A retired model and actress had a successful career becoming the first female actress champion, winning a grand total of $100,000 during the first season of “Star Search,” but she still felt a void in her life.
Before her stardom, Dorothy Goulah-Pabst grew up in Toronto, Canada with her working class country folk parents. Neither had attended high school, so her high school graduation was a big deal. She spent the summer in Wiarton, Ontario, a town with many horses, and people who made their own bread.
After high school, she moved to Chicago, New York and finally Los Angeles for her acting career. Her career was booming, but as she got older, she grew tired of auditioning and conforming to the directors likes. She later met her husband, started a family and had a different view of life.
“I always felt less than because I didn’t have a college degree,” Goulah-Pabst said.
Goulah-Pabst had expressed to her therapist how she felt like life had beaten her because she had never pursued her college career, as she had always desired. Her therapist encouraged her to start with one class and so, she did.
“I started with one night class at a time at [Los Angeles] Valley College in 2008,” Goulah-Pabst said. “I gradually increased my load as my children grew up, when my son went to college that’s when I became a full-time student.”
Soon, one class turned into two, two turned in to three and then she was transferring to CSUN.
According to CSUN’s office of institutional research, Goulah-Pabst became a part of the smallest sub-group of diversity regarding age on campus. In 2014, students 36years and older only represented 5.3 percent of the campus population.
“Older students tend to be more committed, focused, and goal-oriented from the start,” said Bobbie Eisenstock, former professor of Goulah-Pabst, journalism faculty and director of the Get Real! Project.
“They bring knowledge and skills from their life experience and apply lessons learned from their personal and professional successes and failures that can’t be taught by reading a book or writing a critical analysis of an issue,” Eisenstock said.
According to an NBC News article, enrollment of students over age 35 is expected to increase in the coming years. The article states that people are retiring sooner than expected, while others attend to learn new skill sets for new career paths. Goulah-Pabst is one of them.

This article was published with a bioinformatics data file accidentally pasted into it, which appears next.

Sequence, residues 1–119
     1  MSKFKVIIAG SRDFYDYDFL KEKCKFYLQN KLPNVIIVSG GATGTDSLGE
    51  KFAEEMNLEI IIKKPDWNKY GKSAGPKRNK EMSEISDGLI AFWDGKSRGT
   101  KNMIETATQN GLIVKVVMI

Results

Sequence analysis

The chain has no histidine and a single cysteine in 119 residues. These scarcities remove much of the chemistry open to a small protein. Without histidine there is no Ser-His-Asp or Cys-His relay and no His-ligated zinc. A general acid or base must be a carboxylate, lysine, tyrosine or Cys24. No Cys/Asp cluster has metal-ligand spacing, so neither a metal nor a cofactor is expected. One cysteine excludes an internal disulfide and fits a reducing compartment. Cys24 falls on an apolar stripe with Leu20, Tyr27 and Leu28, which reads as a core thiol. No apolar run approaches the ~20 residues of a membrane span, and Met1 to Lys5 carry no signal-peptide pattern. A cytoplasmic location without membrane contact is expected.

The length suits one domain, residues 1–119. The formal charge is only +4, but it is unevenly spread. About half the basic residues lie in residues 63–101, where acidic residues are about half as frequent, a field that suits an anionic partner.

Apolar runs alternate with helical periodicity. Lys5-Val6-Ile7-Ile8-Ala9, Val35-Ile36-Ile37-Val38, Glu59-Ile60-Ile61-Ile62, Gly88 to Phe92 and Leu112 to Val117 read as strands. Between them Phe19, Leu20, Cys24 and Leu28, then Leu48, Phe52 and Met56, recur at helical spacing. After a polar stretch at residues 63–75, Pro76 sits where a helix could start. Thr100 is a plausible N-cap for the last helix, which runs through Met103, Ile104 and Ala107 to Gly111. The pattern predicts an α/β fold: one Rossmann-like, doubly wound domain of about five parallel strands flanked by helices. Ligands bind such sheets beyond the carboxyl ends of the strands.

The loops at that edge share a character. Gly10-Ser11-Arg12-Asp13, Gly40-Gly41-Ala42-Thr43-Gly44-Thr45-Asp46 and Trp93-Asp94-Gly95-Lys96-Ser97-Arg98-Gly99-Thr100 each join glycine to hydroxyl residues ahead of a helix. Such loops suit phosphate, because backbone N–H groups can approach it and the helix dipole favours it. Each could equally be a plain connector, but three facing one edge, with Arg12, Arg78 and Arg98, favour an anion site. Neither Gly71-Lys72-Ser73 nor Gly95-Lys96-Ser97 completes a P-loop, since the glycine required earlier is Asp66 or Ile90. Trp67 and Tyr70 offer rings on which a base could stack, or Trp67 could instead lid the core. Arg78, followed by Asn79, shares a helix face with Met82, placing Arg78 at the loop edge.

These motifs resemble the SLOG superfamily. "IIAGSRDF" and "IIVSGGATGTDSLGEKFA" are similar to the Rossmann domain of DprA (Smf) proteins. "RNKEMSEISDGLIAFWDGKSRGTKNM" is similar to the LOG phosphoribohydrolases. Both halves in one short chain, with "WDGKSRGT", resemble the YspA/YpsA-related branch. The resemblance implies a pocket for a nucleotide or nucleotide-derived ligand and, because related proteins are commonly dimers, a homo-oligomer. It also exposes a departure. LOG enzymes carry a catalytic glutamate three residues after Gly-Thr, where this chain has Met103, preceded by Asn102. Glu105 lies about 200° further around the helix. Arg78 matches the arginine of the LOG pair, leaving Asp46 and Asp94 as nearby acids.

She praises the importance of unions since her main income comes from her Screen Actors Guild pension, which has given her the freedom to attend school full-time.
Despite her different circumstances, Goulah-Pabst insists college after age 40 is very doable by integrating classes into one’s life schedule, even if that means one class to start. According to Federal Student Aid, age is not considered when determining eligibility, so if money is a factor, this is an option. Scholarships and tax credits also help older students.
The diverse campus is her favorite aspect about CSUN, but she admits she’s taken some disappointing 400 level classes where she assumed there would be a higher expectation from professors, but that’s wasn’t the case.
The biggest struggle for Goulah-Pabst has been trying to remember facts and figures.
“I feel very proud of my mom for pursuing and accomplishing her goals to complete her higher education,” said Jacqueline Pabst, Goulah-Pabst’s 23-year-old daughter. “She’s an unstoppable force.”
Between balancing housework, homework, marriage, family, swimming in between classes and watching her son play baseball on TV for Georgia Tech, Goulah-Pabst admits it’s busy, but insists this life fulfills her more than her career as a commercial actress did.
“My purpose is to finish up my life doing something that is fulfilling,” Goulah-Pabst said. “It’s never too late to fulfill that missing link in life of earning a college degree.”